• The placement, or replacement, of any manufactured home, except in a pre-FIRM manufactured home park or subdivision that has not had a manufactured home flooded, is prohibited within the designated floodway.

Buildings and structures located in whole or in part in identified floodways shall be designed and constructed in accordance with ASCE 24 and all applicable code requirements.

Design and certification of dry floodproofing  

The Floodproofing Certificate is for a building that has a commercial or other nonresidential use. The Floodproofing Certificate (FEMA form FF-206-FY-22-153), must be prepared by a registered professional engineer or architect, certifying that the design and methods of construction of the nonresidential building are in accordance with the accepted practices for meeting the floodproofing requirements. 


  • Appraised value: appraised value is defined as either (1) one hundred and twenty percent (120%) of the assessed value of the structure as indicated by the County Property Appraiser’s Office or (2) the value as indicated in a certified uniform 3 of 10 01/2021 Substantial Damage/Improvement Guidelines appraisal report based upon comparable sales, which is not a limited-summary appraisal report. For floodplain management purposes, the appraised market value is based on the County Property Appraiser’s assessed structure value or the commercially appraised depreciated structure value. When used for the purposes of determining substantial improvement, it pertains only to the value of the structure. It does not pertain to the land, landscaping, detached accessory structures, or other site improvements (for example, docks, seawalls, and gazebos). (Reference; HCCC Chapter 4 Definitions) 
  • Design Flood Elevation: the elevation of the “design flood,” including wave height, relative to the datum specified on the community’s legally designated flood hazard map. In areas designated as Zone AO, the design flood elevation shall be the elevation of the highest existing grade of the building’s perimeter plus the depth number (in feet) specified on the flood hazard map. In areas designated as Zone AO where the depth number is not specified on the map, the depth number shall be taken as being equal to 2 feet. (Reference; HCCC Chapter 4 Definitions)
  • Dry Floodproofing: includes measures that make a structure watertight below the level that needs flood protection to prevent floodwaters from entering. This type of floodproofing is often used to protect non-residential structures, water supplies, and sewage systems.
  • Flood Insurance Rate Map (FIRM) effective date: the date on which Flood Insurance Rate Maps were made effective for unincorporated Hillsborough County is June 18, 1980. (Reference; HCCC Chapter 4 Definitions) 
  • Market value: the term refers to the market value of buildings and structures, excluding the land and other improvements on the parcel. Market value may be established by a qualified independent appraiser, Actual Cash Value (replacement cost depreciated for age and quality of construction), or one hundred and twenty percent (120%) of the tax assessment value as indicated by the County Property Appraiser’s Office. (Reference; HCCC Chapter 4 Definitions)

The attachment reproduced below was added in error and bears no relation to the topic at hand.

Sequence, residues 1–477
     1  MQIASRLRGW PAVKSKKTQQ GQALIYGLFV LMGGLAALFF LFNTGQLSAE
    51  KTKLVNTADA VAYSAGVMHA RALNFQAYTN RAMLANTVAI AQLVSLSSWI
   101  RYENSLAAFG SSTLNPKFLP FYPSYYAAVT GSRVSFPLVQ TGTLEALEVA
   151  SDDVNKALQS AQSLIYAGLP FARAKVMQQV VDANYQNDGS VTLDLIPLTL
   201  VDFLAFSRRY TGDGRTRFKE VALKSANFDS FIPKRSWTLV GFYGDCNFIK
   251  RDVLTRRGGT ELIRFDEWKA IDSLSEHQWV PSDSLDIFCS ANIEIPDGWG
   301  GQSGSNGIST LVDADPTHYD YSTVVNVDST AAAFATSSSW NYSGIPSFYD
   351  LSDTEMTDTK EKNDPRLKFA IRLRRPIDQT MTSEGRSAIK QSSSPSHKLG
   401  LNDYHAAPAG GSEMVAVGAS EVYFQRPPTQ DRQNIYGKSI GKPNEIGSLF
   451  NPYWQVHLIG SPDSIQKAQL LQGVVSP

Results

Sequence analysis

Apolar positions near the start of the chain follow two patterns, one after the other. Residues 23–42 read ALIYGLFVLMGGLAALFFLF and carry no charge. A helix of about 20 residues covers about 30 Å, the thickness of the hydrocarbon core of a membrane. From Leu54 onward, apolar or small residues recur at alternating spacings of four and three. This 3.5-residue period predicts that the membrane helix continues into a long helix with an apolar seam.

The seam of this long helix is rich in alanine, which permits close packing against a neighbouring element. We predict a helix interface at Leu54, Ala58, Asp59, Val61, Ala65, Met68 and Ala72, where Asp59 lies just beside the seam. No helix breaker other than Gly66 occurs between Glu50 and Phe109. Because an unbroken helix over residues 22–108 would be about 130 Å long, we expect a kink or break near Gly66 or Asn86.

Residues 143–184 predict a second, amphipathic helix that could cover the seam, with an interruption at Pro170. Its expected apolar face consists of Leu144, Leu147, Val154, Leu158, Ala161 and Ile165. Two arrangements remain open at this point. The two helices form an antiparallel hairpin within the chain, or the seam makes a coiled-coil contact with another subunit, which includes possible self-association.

• Pre-FIRM construction: for floodplain management purposes, is associated with structures for which the “start of construction” commenced before June 18, 1980 (unincorporated Hillsborough County effective date of the Flood Insurance Rate Map(s). This term may also be referred to as “existing structures”. (Reference; HCCC Chapter 4 Definitions) 
  • Substantial improvement (SI): as defined in Title 44 of the Code of Federal Regulations § 59.1, means any reconstruction, rehabilitation, addition or other improvement of a structure, the cost of which equals or exceeds 50 percent of the market value of the structure before the “start of construction” of the improvement. This term includes structures that have incurred “substantial damage,” regardless of the actual repair work performed. The term does not include either: 
    • Any project for improvement of a structure to correct existing violations of state or local health, sanitary, or safety code specifications which have been identified by the local code enforcement official and which are the minimum necessary to ensure safe living conditions or 
    • Any alteration of a “historic structure”, provided that the alteration will not preclude the structure’s continued designation as a “historic structure”. 
  • Substantial damage (SD): as defined in Title 44 of the Code of Federal Regulations § 59.1, means damage of any origin sustained by a structure whereby the cost of restoring the structure to its before damaged condition would equal or exceed 50 percent of the market value of the structure before the damage occurred. 
  • Wet Floodproofing: a structure that modifies the uninhabited portions (such as a crawlspace or an unfinished basement) to allow floodwaters to enter and exit. This ensures equal hydrostatic pressure on the interior and exterior of the structure and its supports. Equalized pressures will reduce the likelihood of wall failures and structural damage. Wet floodproofing is practical in only a limited number of situations. 

Additional resources

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Last Modified: 2/15/2024, 2:15:07 PM